Logging tycoon hosts govt money laundering taskforce

The irony of it, twenty-one of Papua New Guinea’s top bureaucrats holed up for two days in a hotel owned by one of the country’s biggest logging tycoons while they discuss the implementation of the Nations anti-money laundering action-plan.

The Bank of Papua New Guinea believes the PNG logging sector posses a major money laundering risk due to large-scale corruption and widespread illegal logging.

The Internal Revenue Commission also has the industry on its radar, accusing logging companies of “egregious” transfer pricing, “entrenched” tax evasion and “deceptive behaviour”. The industry is “one of the most delinquent sectors insofar as tax compliance is concerned“ says the IRC.

Yet last week, the multi-agency National Coordinating Committee on Anti-Money Laundering – comprising, among others, the heads of the Departments of Justice, Foreign Affairs, Finance and Treasury, the National Executive Council, the police and the National Intelligence Organisation – spent two-days updating their action plan closeted in the confines of the Golden Medallion Hotel in Vanimo.

The Golden Medallion is owned a Malaysian businessman, Tiong Sii Huang, whose extensive business interests include a major stake in PNG’s logging industry.

To add to the irony, at the same time the 21-man Committee jetted across the country at great expense to make camp in Vanimo, the Internal Revenue Commission and Finance Department were locked out of their offices in Port Moresby due to unpaid rents!

In 2017, the Bank of Papua New Guinea published a Money Laundering and Financing of Terrorism National Risk Assessment. The report describes the logging sector as a high-risk industry for money laundering.

The report finds “there are strong indicators of large-scale corruption and illegal logging in the forestry sector in PNG, which result in high levels of proceeds of crime”.

According to the Bank of PNG report, “it is widely accepted that the problem [of illegal logging] is widespread and the lost revenue is extensive.”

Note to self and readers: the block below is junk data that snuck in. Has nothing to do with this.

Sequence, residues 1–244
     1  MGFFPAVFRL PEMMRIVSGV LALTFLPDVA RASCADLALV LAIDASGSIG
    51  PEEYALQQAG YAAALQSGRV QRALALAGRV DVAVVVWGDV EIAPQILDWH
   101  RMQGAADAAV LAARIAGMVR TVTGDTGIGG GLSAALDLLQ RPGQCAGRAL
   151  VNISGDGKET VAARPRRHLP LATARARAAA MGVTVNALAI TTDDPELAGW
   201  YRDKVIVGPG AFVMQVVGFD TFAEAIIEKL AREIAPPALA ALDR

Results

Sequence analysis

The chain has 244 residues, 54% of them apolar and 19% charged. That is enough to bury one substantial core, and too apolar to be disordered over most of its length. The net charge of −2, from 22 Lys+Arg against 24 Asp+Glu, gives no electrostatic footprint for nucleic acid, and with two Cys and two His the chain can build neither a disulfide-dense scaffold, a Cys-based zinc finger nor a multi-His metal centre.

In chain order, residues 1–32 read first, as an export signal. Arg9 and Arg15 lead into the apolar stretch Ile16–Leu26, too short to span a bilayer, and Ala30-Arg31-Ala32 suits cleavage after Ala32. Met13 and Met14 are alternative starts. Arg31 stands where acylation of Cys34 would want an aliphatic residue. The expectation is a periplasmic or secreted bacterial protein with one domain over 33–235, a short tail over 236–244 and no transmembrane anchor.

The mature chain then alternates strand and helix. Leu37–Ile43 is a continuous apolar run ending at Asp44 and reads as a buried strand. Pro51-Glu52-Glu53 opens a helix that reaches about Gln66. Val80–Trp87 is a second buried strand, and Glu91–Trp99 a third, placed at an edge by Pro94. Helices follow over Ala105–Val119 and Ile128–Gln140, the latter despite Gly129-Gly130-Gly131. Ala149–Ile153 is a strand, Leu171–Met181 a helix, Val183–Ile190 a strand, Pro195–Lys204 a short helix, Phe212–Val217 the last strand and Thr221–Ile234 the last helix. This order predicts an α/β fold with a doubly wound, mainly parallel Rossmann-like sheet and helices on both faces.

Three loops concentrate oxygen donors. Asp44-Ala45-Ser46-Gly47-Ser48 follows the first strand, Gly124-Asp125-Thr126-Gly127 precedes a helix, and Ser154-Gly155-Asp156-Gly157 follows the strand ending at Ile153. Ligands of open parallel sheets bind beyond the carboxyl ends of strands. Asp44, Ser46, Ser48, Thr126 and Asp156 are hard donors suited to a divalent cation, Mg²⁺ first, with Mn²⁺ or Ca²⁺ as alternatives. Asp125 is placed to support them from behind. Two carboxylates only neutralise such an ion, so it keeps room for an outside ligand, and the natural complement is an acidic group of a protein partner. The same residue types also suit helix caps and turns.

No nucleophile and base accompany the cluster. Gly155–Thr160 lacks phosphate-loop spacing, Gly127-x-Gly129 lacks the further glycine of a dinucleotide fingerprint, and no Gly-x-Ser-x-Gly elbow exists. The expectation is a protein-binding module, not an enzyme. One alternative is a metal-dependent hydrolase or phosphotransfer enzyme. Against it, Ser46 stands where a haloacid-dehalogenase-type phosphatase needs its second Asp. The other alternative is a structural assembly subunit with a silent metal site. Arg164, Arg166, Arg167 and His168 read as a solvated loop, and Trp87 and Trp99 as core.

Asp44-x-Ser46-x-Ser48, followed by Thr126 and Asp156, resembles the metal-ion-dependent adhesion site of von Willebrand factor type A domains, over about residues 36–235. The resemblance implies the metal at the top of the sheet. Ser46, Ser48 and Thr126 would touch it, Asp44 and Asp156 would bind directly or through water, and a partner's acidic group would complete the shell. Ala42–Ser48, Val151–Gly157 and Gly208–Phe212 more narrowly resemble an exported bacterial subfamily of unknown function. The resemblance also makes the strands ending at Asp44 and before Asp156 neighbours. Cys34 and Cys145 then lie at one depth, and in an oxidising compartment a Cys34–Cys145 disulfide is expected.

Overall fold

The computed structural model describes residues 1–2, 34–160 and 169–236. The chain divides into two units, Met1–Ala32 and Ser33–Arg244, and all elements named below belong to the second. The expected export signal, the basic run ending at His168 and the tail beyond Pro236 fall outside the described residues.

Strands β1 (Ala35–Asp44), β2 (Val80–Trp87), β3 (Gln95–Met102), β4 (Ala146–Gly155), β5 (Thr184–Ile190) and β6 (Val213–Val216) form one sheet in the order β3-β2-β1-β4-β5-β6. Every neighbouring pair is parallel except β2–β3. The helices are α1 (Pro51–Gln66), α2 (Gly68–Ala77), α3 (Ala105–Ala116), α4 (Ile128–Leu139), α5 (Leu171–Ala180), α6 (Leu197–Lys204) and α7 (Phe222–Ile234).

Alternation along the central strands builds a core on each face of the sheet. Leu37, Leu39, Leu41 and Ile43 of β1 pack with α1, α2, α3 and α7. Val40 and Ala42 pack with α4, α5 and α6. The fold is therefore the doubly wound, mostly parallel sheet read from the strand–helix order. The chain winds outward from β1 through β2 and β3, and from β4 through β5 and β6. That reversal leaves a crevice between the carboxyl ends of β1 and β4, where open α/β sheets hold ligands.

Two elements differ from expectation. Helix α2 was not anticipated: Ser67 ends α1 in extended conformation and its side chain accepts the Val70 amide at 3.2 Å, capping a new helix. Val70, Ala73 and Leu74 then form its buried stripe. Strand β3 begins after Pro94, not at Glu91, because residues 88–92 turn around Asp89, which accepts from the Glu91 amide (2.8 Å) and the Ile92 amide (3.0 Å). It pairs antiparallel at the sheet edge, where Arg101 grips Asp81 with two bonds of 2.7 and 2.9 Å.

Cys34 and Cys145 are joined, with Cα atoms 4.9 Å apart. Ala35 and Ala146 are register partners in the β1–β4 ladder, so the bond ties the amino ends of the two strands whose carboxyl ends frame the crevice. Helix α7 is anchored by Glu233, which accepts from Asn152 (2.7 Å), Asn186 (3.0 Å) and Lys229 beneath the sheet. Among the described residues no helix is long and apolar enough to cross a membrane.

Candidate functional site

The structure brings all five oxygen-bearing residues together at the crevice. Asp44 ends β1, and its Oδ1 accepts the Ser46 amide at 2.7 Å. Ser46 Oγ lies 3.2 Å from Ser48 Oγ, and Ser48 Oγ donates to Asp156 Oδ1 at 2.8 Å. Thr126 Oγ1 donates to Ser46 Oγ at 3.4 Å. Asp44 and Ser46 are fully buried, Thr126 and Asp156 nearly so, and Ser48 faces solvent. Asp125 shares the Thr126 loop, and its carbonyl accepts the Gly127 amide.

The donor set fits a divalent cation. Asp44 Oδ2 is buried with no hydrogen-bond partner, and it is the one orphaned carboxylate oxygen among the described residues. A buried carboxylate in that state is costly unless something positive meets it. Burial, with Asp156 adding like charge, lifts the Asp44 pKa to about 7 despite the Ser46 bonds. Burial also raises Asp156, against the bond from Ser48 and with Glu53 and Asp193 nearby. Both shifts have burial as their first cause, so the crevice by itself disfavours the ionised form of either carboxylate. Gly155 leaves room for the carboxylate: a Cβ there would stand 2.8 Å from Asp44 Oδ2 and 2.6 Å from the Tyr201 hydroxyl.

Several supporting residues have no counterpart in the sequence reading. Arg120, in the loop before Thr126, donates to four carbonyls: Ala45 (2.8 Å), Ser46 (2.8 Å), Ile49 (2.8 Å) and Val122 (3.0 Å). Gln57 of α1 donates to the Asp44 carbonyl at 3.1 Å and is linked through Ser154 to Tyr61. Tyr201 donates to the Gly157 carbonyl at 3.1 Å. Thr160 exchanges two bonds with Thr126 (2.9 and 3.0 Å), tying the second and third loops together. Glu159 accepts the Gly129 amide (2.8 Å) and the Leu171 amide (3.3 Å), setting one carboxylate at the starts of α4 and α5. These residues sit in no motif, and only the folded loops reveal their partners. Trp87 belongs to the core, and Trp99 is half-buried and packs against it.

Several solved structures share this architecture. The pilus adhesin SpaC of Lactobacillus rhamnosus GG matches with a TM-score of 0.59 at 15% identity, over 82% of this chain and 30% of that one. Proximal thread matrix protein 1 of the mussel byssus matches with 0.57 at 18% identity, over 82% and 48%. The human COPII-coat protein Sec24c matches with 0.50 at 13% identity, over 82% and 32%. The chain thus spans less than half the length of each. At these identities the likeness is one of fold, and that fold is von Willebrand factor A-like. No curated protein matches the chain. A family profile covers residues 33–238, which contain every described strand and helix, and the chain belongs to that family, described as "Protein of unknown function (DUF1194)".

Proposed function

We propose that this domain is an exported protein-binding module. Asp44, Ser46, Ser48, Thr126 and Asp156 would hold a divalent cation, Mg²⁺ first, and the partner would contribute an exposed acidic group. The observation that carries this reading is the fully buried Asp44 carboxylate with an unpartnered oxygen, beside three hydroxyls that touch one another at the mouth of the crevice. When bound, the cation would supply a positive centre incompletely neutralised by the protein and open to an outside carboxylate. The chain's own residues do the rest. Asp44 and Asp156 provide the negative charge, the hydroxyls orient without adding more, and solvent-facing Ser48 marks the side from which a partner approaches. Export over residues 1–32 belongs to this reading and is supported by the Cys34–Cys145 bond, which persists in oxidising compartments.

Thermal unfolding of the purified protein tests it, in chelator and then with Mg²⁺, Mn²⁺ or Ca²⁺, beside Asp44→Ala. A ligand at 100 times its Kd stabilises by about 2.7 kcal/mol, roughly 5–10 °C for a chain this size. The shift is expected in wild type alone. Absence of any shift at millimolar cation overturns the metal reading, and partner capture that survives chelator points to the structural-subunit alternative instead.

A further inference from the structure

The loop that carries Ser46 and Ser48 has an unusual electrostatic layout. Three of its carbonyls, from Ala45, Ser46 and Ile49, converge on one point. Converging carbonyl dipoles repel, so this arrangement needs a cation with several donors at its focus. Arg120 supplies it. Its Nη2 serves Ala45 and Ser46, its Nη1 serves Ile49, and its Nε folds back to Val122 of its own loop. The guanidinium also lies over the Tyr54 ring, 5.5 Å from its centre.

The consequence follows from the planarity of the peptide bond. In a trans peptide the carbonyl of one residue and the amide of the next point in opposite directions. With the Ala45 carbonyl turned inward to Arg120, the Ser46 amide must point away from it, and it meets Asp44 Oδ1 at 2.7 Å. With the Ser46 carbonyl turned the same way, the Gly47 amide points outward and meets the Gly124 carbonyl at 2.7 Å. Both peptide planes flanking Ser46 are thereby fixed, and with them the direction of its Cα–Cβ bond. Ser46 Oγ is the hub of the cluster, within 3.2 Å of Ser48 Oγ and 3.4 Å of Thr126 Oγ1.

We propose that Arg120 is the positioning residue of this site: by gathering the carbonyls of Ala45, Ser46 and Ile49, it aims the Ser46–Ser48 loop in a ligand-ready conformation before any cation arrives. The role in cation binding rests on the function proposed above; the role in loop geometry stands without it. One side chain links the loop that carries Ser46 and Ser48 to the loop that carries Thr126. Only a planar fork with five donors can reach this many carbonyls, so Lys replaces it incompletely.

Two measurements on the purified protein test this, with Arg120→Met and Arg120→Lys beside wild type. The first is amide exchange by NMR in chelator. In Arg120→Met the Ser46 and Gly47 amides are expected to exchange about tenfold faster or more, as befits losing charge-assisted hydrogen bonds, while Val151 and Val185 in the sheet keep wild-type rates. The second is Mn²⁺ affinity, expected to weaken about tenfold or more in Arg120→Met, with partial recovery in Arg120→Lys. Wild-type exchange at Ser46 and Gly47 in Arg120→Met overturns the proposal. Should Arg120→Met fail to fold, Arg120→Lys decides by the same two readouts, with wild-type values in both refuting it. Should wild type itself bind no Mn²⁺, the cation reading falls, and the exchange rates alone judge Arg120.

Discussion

Indeed, just as the AML Committee members were heading home from Vanimo, a report in The Guardian, accused one of Mr Huang’s companies, Woodbank Pacific, of unlawfully destroying an area of forest in Madang that locals had designated as a conservation area and which contained a sacred burial site.

According to the Bank of PNG, by 2017 the risks of money laundering associated with logging had led at least one commercial bank, believed to be ANZ, to “institute a policy of not dealing with companies involved in the logging industry”.

Since then, BSP has also closed the accounts of at least thirty logging companies due to the money laundering risks and a recent report suggests similar action by Kina Bank.

PNGi has identified twenty-six registered companies which  are either wholly or partly owned by Tiong Sii Huang, the owner of The Golden Medallion hotel. The companies include nine logging companies. According to data collected by Swiss company SGS, over their lifetimes those nine logging companies have exported more than 8.5 million cubic metres of logs, valued at US$850 million. The logs were harvested from 27 different logging concessions spread across eight Provinces.

It is not just government officers and bureaucrats that like to avail themselves of the hospitality offered by the Golden Medallion. In 2020, the hotel hosted the Opposition camp during moves to unseat the Prime Minister, James Marape. As is usual in PNG politics, nobody was available to explain the source of the funds that paid for the airfares and hotel accommodation.